Ecommerce sector is currently paralyzed by excessive options as umpteen websites offer similar services each having different online process and format to avail those services putting up a steep learning path before consumers maximize the benefits from these websites. The consumer’s mind can retain only a limited no. of websites for specific needs and thus these sundry websites occupying limited mind share only create distracting noises in consumer’s mind impeding the buying decision. Also, considering the growing consumption, spending power and changing lifestyles of Indian consumers, the new age buyer doesn’t limit himself to local stores, or decide based on friend’s recommendations but explores the market for variety, is more aware of products and prices available across different geographies. This is the need which is being served by the new age digital aggregators in the ecommerce who without owning the resource ( fleet of cars for Uber, inventory for Flipkart, hotels for airBnB) act as intermediaries merely provision the resources efficiently, allowing the consumers to conveniently access the resources with the right information on for the buying decision.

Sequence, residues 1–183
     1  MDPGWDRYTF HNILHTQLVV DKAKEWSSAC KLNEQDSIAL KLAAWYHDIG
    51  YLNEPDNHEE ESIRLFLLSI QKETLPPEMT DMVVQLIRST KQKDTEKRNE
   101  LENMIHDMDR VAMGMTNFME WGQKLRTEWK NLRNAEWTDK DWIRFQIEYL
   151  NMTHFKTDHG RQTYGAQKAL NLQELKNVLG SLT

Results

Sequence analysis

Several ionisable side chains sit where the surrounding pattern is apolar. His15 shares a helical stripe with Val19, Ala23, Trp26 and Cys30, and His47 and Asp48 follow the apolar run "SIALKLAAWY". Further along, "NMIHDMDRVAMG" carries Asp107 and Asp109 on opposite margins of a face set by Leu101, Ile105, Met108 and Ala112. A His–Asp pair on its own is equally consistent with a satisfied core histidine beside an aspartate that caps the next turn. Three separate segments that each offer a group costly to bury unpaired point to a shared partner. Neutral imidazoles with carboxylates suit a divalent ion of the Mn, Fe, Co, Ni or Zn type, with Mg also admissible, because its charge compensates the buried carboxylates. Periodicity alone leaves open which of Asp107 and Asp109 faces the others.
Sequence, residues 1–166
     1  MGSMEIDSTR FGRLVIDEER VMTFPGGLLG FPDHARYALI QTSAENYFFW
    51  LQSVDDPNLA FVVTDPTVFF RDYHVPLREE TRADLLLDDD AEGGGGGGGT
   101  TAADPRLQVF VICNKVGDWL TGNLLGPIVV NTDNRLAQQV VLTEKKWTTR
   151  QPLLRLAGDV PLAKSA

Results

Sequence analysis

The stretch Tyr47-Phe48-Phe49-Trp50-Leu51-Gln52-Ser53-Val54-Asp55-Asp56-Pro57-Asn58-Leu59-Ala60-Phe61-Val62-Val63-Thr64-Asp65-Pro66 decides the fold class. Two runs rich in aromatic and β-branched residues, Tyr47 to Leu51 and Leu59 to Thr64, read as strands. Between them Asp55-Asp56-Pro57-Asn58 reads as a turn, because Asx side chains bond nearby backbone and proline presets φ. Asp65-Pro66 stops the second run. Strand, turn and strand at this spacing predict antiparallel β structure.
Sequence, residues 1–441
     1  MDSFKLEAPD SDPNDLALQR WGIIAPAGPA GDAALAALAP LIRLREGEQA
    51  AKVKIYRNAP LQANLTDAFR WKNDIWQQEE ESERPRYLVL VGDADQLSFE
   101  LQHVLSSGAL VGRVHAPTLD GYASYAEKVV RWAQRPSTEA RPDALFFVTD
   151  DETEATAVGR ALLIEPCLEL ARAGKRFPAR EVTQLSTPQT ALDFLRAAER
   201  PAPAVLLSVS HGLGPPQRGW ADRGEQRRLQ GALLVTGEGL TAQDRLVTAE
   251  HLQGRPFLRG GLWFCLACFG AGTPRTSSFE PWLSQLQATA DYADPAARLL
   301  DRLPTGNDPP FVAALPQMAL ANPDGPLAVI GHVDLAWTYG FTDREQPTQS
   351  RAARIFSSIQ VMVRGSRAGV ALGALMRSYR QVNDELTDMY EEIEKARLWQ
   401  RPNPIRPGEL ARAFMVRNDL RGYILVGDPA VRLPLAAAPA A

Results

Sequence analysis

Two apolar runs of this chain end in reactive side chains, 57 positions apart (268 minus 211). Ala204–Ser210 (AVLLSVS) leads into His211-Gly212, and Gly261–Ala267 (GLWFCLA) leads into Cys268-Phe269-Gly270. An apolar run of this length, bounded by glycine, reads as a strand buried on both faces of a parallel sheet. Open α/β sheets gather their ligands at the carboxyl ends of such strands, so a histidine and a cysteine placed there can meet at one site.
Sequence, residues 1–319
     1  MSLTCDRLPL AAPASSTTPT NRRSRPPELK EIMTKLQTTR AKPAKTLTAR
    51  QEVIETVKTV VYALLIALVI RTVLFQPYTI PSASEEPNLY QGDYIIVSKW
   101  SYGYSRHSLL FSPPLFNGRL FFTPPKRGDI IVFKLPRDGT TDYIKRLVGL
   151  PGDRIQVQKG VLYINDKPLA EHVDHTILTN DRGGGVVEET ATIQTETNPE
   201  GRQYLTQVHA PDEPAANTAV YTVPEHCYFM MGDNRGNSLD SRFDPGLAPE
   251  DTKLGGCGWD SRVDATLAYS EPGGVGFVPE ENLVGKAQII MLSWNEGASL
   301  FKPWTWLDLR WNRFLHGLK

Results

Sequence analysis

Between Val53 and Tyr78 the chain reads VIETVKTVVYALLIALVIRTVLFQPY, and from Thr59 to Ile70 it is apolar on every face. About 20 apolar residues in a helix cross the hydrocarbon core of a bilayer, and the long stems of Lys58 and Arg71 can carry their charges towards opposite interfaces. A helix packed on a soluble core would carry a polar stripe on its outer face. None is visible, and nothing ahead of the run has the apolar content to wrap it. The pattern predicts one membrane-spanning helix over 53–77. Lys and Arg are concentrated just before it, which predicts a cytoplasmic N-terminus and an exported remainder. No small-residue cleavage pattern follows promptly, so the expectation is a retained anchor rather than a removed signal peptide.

Image Courtesy:, Sailom